A ten-year retrospective evaluation of acute flaccid myelitis at 5 pediatric centers in the United States, 2005-2014

PLoS One. 2020 Feb 13;15(2):e0228671. doi: 10.1371/journal.pone.0228671. eCollection 2020.


Background: Acute flaccid myelitis (AFM) is a severe illness similar to paralytic poliomyelitis. It is unclear how frequently AFM occurred in U.S. children after poliovirus elimination. In 2014, an AFM cluster was identified in Colorado, prompting passive US surveillance that yielded 120 AFM cases of unconfirmed etiology. Subsequently, increased reports were received in 2016 and 2018. To help inform investigations on causality of the recent AFM outbreaks, our objective was to determine how frequently AFM had occurred before 2014, and if 2014 cases had different characteristics.

Methods: We conducted a retrospective study covering 2005-2014 at 5 pediatric centers in 3 U.S. regions. Possible AFM cases aged ≤18 years were identified by searching discharge ICD-9 codes and spinal cord MRI reports (>37,000). Neuroradiologists assessed MR images, and medical charts were reviewed; possible cases were classified as AFM, not AFM, or indeterminate.

Results: At 5 sites combined, 26 AFM cases were identified from 2005-2013 (average annual number, 3 [2.4 cases/100,000 pediatric hospitalizations]) and 18 from 2014 (12.6 cases/100,000 hospitalizations; Poisson exact p<0.0001). A cluster of 13 cases was identified in September-October 2014 (temporal scan p = 0.0001). No other temporal or seasonal trend was observed. Compared with cases from January 2005-July 2014 (n = 29), cases from August-December 2014 (n = 15) were younger (p = 0.002), more frequently had a preceding respiratory/febrile illness (p = 0.03), had only upper extremities involved (p = 0.008), and had upper extremity monoplegia (p = 0.03). The cases had higher WBC counts in cerebrospinal fluid (p = 0.013).

Conclusion: Our data support emergence of AFM in 2014 in the United States, and those cases demonstrated distinctive features compared with preceding sporadic cases.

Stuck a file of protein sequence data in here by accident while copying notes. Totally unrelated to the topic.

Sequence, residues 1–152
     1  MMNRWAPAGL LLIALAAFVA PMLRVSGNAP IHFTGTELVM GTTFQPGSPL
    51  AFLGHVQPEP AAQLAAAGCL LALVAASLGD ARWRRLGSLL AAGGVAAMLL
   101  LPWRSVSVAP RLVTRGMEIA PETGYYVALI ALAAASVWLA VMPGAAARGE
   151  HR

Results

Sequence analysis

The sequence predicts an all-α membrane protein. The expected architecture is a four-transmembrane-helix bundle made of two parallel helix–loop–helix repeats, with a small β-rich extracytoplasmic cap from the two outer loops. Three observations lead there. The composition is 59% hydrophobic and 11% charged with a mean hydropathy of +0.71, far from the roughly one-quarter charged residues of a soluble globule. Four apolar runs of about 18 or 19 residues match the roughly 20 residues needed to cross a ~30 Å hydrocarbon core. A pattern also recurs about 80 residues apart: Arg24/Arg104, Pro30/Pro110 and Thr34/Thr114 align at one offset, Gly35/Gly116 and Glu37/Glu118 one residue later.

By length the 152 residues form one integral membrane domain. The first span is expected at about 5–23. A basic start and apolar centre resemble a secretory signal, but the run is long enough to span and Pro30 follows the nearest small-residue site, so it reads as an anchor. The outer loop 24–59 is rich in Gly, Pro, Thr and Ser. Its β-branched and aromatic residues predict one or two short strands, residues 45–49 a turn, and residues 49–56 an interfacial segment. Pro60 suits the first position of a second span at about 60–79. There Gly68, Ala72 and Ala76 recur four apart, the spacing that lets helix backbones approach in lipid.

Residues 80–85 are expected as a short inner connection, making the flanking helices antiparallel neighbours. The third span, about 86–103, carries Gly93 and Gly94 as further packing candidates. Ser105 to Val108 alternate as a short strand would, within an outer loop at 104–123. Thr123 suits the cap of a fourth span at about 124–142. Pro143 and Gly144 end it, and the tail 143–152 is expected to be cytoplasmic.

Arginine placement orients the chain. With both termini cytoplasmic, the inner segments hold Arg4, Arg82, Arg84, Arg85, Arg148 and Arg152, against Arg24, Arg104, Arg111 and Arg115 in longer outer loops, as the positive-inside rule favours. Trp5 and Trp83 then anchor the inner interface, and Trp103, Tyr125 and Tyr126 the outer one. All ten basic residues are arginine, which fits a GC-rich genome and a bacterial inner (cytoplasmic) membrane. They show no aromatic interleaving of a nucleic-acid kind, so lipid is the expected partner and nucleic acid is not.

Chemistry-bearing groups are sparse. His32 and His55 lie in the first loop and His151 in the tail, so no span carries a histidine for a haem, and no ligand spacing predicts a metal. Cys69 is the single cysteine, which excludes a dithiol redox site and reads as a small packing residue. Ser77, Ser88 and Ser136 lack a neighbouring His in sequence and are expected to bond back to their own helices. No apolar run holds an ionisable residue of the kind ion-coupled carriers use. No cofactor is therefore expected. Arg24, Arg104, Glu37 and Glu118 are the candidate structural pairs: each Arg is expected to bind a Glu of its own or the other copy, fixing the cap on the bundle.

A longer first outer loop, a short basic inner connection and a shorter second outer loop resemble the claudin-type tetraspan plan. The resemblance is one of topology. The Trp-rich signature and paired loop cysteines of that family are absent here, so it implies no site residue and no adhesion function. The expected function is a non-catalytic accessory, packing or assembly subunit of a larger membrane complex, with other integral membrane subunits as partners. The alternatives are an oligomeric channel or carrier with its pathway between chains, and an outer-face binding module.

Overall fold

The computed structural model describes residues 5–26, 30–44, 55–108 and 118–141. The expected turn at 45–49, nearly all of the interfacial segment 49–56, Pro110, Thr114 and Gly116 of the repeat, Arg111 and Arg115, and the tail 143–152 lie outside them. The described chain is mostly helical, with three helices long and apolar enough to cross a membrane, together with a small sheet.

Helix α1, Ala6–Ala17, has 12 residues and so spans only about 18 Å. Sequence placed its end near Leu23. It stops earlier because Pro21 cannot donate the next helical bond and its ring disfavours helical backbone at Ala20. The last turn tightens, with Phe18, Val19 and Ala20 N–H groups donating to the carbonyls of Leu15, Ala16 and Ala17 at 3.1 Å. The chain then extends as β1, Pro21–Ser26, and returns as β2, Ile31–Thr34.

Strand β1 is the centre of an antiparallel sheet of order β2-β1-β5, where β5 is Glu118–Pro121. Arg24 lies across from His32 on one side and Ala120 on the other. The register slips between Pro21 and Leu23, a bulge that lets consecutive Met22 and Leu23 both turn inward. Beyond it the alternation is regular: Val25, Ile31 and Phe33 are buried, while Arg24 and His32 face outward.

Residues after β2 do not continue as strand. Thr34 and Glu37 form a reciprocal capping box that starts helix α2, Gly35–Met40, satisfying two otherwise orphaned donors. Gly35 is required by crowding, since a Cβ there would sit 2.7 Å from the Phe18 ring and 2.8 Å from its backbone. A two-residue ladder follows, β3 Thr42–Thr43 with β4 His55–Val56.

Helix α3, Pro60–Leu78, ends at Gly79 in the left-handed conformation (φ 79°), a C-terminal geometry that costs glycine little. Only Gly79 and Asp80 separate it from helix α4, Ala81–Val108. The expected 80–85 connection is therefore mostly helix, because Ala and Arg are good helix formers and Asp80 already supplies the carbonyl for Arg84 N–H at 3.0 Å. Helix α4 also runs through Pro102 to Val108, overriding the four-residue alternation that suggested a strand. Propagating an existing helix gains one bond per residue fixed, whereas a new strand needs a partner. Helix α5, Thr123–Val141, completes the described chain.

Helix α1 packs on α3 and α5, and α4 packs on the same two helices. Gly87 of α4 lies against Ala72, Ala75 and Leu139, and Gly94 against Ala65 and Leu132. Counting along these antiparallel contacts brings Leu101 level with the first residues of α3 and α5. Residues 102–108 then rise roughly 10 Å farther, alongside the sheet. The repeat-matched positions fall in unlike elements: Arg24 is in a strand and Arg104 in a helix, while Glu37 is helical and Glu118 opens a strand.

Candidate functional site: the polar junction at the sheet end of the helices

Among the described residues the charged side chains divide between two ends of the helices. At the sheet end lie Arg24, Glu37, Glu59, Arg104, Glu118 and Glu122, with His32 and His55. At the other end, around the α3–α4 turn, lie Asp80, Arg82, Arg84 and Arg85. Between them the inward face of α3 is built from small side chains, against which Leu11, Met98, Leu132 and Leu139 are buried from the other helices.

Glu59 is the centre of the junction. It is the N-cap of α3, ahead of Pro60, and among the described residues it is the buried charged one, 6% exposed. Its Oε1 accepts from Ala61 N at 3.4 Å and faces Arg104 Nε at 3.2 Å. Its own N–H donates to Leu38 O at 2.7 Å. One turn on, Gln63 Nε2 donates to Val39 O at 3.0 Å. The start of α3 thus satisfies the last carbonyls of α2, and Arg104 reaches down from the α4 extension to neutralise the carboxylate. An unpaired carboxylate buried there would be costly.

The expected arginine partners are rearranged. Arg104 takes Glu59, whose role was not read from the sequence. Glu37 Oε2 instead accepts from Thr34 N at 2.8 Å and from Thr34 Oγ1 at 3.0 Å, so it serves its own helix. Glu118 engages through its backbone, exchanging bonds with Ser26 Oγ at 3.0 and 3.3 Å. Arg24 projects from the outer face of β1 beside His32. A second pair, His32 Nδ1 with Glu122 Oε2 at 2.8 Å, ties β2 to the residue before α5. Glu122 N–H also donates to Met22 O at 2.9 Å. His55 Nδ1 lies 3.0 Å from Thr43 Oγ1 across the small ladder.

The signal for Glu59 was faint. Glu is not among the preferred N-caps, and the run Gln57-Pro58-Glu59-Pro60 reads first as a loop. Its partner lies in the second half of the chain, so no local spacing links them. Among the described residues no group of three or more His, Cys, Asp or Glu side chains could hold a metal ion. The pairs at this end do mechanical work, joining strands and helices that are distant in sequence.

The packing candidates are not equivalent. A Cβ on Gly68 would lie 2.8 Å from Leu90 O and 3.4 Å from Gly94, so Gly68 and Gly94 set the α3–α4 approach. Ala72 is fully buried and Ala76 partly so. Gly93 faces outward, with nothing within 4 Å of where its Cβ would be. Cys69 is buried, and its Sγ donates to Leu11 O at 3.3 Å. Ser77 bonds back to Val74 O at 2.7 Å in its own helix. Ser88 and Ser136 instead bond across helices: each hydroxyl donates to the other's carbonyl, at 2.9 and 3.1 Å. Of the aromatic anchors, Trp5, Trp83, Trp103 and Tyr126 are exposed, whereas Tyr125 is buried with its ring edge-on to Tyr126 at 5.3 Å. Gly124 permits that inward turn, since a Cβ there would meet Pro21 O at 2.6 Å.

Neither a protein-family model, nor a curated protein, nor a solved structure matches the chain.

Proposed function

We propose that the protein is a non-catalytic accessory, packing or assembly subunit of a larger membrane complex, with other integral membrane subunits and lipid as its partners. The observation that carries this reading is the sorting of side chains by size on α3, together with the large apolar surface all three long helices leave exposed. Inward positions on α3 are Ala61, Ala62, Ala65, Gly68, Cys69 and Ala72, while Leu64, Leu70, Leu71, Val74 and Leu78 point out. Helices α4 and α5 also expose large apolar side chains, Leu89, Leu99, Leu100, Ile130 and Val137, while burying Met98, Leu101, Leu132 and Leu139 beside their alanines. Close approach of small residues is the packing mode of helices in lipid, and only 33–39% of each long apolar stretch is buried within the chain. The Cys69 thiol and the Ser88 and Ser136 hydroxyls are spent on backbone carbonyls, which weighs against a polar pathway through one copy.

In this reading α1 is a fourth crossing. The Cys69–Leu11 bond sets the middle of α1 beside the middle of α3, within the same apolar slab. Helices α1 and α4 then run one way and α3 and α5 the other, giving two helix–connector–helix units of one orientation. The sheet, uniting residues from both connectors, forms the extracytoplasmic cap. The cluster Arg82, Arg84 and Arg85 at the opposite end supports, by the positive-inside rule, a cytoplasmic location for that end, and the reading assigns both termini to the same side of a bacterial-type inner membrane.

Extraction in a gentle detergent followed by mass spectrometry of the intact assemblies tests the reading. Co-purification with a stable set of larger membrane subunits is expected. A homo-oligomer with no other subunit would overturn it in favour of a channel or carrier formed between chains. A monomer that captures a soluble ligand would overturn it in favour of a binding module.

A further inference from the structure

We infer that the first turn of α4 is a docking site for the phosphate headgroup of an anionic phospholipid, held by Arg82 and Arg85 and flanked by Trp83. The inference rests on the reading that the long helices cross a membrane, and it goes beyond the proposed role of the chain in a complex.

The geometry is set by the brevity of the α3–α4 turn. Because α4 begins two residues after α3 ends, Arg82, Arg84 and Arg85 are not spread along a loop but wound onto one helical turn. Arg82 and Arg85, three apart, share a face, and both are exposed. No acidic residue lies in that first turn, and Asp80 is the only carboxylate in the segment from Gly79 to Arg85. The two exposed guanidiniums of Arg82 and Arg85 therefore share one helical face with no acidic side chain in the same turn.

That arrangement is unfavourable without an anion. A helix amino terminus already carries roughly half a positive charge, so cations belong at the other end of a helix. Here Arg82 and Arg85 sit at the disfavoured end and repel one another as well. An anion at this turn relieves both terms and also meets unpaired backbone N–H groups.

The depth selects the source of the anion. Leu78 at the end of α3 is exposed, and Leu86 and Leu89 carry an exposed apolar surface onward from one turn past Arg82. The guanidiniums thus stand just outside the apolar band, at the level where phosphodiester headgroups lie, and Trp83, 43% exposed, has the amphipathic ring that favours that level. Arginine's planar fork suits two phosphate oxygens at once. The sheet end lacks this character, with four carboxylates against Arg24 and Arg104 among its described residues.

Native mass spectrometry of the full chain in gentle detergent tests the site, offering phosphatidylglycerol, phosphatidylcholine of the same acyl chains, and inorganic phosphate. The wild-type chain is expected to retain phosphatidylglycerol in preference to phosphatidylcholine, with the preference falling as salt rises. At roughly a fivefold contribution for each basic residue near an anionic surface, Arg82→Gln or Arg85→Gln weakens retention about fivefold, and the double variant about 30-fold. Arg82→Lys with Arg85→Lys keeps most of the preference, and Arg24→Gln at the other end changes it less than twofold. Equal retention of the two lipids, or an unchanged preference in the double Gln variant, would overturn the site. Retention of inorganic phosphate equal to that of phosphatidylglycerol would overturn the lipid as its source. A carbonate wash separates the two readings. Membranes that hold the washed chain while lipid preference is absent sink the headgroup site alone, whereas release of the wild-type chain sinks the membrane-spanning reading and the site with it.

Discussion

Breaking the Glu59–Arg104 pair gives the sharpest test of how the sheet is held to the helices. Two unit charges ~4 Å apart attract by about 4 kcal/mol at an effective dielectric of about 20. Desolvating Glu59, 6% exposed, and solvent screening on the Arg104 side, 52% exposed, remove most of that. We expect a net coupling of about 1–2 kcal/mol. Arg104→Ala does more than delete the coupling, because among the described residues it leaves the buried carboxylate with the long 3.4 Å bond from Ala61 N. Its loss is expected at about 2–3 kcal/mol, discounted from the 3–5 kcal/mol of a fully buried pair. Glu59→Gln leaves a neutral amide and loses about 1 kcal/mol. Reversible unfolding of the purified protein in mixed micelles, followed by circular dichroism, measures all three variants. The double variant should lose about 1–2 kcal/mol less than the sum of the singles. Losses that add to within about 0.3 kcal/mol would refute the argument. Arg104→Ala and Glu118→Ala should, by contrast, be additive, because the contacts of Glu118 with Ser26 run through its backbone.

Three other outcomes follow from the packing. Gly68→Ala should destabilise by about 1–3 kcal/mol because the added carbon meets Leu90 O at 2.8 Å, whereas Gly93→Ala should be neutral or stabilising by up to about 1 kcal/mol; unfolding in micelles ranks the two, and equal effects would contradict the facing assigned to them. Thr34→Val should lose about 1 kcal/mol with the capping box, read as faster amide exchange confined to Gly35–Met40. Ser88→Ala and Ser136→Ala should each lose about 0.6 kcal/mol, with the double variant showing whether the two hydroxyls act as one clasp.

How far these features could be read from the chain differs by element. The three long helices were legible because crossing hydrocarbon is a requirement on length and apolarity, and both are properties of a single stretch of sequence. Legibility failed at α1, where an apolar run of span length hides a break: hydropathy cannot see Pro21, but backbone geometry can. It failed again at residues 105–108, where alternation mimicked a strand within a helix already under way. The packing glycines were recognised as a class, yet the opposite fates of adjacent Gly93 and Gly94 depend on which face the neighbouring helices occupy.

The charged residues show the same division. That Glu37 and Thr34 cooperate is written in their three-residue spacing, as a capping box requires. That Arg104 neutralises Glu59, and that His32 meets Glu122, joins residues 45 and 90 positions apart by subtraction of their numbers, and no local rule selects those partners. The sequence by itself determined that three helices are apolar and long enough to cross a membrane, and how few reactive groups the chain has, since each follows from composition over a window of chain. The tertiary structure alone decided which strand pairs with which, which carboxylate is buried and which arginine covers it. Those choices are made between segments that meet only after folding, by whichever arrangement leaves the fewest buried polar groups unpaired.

Publication types

  • Multicenter Study
  • Research Support, U.S. Gov't, P.H.S.

MeSH terms

  • Adolescent
  • Age Factors
  • Central Nervous System Viral Diseases / cerebrospinal fluid
  • Central Nervous System Viral Diseases / diagnosis*
  • Central Nervous System Viral Diseases / epidemiology*
  • Central Nervous System Viral Diseases / therapy
  • Child
  • Child, Preschool
  • Disease Outbreaks*
  • Enterovirus D, Human
  • Female
  • Hospitalization
  • Hospitals, Pediatric
  • Humans
  • Infant
  • International Classification of Diseases
  • Magnetic Resonance Imaging
  • Male
  • Myelitis / cerebrospinal fluid
  • Myelitis / diagnosis*
  • Myelitis / epidemiology*
  • Myelitis / therapy
  • Neuromuscular Diseases / cerebrospinal fluid
  • Neuromuscular Diseases / diagnosis*
  • Neuromuscular Diseases / epidemiology*
  • Neuromuscular Diseases / therapy
  • Retrospective Studies
  • Seasons
  • United States

Supplementary concepts

  • acute flaccid myelitis

Grant support

This work was funded by the Centers for Disease Control and Prevention (CDC), which did not play a role in the study design, data collection and analysis, decision to publish, or preparation of the manuscript and only provided financial support in the form of authors’ salaries and project materials. A.K. was employed by IHRC, Inc., a contracting agency to CDC. IHRC provided support in the form of salary for A.K. but did not have any additional role in the study design, data collection and analysis, decision to publish, or preparation of the manuscript. The specific role of AK is articulated in the ‘author contributions’ section.